There are humans who have four pigments in their color receptors but
they do not perceive a fourth primary color.
http://www.klab.caltech.edu/cns186/papers/Jameson01.pdf

They just have increased distinction between the primary colors we
perceive. I take that to mean that they cannot point to anything in
nature as having a bright color that ordinary trichromats have never
seen.

Yeah I don't know the technical descriptions of what constitutes
primacy in hues, but it's not important to what I'm trying to get at.
The important thing is that the range and variety of colors we can see
or imagine is not explainable in purely quantitative or physical
terms, neither is it metaphysical, random, made up, or arbitrary. It
constitutes a visual semantic firmament, similar to the periodic
table. The differences between the color wheel and the periodic table
is that since experiences and feelings are phenomena that are
ontologically perpendicular to their external mechanics, they are not
strictly definable through literal observation and measurement, but
through first hand encounters which address the subject directly in a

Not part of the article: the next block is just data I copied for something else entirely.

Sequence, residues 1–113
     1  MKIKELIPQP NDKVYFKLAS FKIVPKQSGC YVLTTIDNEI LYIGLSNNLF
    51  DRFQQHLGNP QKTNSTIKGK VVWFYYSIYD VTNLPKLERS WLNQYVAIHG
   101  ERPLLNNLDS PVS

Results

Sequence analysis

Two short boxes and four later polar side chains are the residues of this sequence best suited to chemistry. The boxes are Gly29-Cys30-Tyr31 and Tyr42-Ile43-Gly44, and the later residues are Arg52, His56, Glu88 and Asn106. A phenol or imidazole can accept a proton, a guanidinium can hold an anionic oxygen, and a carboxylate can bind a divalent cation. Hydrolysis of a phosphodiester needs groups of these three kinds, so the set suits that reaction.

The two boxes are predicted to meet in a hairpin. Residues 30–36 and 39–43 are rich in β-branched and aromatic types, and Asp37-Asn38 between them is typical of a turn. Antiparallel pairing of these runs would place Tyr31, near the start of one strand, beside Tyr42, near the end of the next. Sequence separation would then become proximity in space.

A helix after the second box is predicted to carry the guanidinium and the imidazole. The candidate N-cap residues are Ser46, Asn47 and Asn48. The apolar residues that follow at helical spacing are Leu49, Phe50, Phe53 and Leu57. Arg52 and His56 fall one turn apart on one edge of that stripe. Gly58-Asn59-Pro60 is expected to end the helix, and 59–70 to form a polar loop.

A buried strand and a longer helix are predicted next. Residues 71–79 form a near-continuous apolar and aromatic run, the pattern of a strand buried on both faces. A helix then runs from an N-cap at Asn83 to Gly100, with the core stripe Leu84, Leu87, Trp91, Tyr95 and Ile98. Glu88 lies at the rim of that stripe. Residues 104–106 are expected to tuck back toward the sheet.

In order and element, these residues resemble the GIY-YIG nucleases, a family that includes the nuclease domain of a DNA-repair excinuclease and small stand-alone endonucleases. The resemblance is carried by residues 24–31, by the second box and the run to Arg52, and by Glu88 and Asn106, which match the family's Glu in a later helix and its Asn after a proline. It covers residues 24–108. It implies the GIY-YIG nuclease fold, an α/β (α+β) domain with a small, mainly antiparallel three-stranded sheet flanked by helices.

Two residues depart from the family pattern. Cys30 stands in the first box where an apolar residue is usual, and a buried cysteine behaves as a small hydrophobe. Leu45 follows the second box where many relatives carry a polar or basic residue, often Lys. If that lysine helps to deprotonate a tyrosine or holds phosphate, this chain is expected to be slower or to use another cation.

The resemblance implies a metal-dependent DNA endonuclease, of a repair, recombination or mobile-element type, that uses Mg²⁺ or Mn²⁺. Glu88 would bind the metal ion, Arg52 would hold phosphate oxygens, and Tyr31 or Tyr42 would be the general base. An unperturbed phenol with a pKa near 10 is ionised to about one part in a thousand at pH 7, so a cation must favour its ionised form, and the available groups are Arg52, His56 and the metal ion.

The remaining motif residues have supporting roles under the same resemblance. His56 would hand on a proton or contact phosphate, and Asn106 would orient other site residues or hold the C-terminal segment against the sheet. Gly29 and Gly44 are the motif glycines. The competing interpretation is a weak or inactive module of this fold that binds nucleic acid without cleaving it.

more uncertain, figurative way. Colors look different depending on
what colors they are adjacent to, what mood we are in, our gender,
etc. unlike iron and magnesium which remain the same if placed next to
each other.


On Jul 11, 7:12 pm, meekerdb <meeke...@verizon.net> wrote:
> On 7/11/2011 3:29 PM, Craig Weinberg wrote:
>
> > I'm not talking about the idea of a primary color as linguistic
> > distinction, I'm talking about the inability of a color to be reduced
> > to combinations of other colors. Red, Green, and Blue are the primary
> > hues of projected light, Red, Yellow, and Blue are the primary hues of
> > reflected light.
>
> It's not the case that all colors can be reproduced by combinations of a
> fixed choice of red, green, and blue.  I refer you to pg 818 of Sears
> and Zemansky - my freshman physics text.  In any case, the fact that one
> can approximately match a color with an RGB mixture is a consequence of
> the human eye having three pigments in the color receptors.  If it had
> four, then you'd need another "primary" color.
>
> Brent

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